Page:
http://borg-law.com/wp-content/uploads/2014/02/Carlsbad.png 349 610 Rickard Borg, Esq. http://borg-law.com/wp-content/uploads/2013/10/edited-homepagelogo-1-300x77.jpg Rickard Borg, Esq.2014-02-07 00:29:582014-02-07 00:31:31Which is Better - A Judge or a Commissioner?
In the Vista California Superior Court there are three commissioners and judges hearing regular family law matters. The difference between a commissioner and a judges is a valid concern.
The Vista family support division, where Commissioner Penne McLaughlin sits, hears contested support obligation matters. Thus, any person who is subject to the influence of a family law court order will have an interest in the difference between the two different designations of judicial officers serving in the Vista family law courts.
First a judge acquires his position by election or appointment by the Governor. If appointed, he or she must be re-elected to their position every 6 years. On the other hand, the commissioners are attorneys knowledgeable in a particular area of law, such as family law, who are hired by the local court system to serve under the direction of the supervising judge with the idea their special skills will serve the public well such as family law.
Everyone in the court system has the right to have their case heard by an elected judge. Therefore, when a party makes their first appearance before a commissioner they will be asked by the bailiff to sign an agreement to accept the commissioner. If they fail to sign their case will be referred to the supervising judge for family law and re-assigned to a judge. There is no real stigma attached to such a refusal. The reason for the refusal is not stated and parties are expected to refuse if for example they know the commissioner personally. The only detriment is the risk of delay to your case on that day.
The sitting Family Law Judges are: David G. Brown, Micheal Washington, and Margo Lewis. Margo Lewis is known to have a background in family Law as a lawyer.
Hon. David G. Brown of Dept 17, enjoyed military and civil litigation careers prior to his appointment to the judiciary. His court room is decorated with many military pictures. Needless to say, he likes to follow the rules closely in an orderly fashion. If you want something out of the ordinary you would be well advised to be ready with the applicable law supporting your request. Its always wise to have your paperwork in good order before all judges. In Judge Browns case that paperwork deserves that one last extra review to insure you are in technical compliance with all rules of court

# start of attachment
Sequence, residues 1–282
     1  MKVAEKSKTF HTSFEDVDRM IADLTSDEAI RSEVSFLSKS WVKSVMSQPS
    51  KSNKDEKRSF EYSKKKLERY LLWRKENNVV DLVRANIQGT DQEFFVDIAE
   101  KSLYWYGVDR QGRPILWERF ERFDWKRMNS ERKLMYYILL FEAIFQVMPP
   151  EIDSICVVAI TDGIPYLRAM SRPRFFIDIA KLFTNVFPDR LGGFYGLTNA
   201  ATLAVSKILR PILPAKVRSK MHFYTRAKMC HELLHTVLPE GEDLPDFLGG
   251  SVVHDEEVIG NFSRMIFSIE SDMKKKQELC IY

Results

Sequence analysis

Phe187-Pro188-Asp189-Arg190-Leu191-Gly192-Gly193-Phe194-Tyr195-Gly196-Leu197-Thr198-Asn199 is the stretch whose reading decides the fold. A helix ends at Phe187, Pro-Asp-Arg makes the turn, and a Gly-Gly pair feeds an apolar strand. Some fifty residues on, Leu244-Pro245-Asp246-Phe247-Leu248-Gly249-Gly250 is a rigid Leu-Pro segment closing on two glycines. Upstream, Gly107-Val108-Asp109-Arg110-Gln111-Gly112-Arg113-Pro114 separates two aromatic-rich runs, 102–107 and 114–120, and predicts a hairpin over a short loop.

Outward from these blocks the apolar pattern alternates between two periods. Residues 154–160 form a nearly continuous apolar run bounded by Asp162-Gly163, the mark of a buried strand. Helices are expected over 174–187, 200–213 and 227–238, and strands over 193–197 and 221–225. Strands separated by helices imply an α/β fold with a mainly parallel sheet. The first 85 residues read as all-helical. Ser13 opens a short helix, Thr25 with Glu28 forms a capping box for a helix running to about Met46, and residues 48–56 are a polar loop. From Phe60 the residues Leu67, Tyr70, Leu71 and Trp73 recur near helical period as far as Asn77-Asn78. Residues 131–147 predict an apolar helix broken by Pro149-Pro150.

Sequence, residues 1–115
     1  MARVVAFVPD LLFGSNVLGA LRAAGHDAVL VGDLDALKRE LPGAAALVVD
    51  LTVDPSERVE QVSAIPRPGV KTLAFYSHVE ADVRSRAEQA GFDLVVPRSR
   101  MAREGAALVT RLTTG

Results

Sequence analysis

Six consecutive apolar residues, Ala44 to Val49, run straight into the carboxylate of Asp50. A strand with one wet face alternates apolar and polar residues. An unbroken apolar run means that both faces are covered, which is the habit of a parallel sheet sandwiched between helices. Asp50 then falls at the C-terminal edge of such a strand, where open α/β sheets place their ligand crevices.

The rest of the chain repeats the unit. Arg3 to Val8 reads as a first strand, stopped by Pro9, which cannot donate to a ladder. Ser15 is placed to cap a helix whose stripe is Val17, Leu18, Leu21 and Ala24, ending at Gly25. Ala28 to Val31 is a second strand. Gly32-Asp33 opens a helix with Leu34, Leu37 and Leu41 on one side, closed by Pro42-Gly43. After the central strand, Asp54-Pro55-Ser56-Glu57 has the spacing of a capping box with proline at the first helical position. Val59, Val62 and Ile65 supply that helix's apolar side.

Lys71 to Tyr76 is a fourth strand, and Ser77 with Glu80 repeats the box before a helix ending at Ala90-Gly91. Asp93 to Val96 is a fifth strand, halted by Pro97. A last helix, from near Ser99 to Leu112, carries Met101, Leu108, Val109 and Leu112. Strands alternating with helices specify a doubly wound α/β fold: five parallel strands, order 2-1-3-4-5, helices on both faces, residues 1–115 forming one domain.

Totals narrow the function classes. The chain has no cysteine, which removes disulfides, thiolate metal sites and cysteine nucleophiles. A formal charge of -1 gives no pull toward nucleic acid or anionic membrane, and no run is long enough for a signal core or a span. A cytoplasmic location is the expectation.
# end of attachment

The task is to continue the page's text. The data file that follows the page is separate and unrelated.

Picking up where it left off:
The Hon. Micheal Washington is a relatively new judge who was both a lawyer and part-time professor at Cal Western and Thomas Jefferson law schools in San Diego. His reputation as a new family law judge is good.
Commissioner Patti C. Ratekin sits in Dept. 19 who has established herself as a legend in her own time. Before her appointment, Com. Ratekin was a court clerk who worked and attended law school as a single parent supporting her children. She practiced law as a family law attorney before she was employed by the courts as a commissioner. She has an enormous work ethic and is very sympathetic to the courts and is forever trying to facilitate the court system. Any litigant would be well advised to avoid any delay tactic. She is openly adverse to continuances. She has a lot of ideas help resolve the family law conflict and they are usually right on the money.
Commissioner William Y. Wood is a former district attorney. His background is in criminal law. His best area of expertise seems to be in domestic violence cases. Commissioner Wood tries very hard the letter of the law in family law. Now after a few years of experience he has gained a good handle on the ins and outs of family law.
Commissioners are paid a little less than the Judges however they have the benefit of not having to stand for election.
In conclusion who is better —a judge or a commissioner? Well that has to be judged in each case. Each seem to have their areas of expertise. Its been said that they will all come to virtually the same decision. After 40 years of practice I am not sure even the same judge will come to the same decision twice as the presentation is very important.
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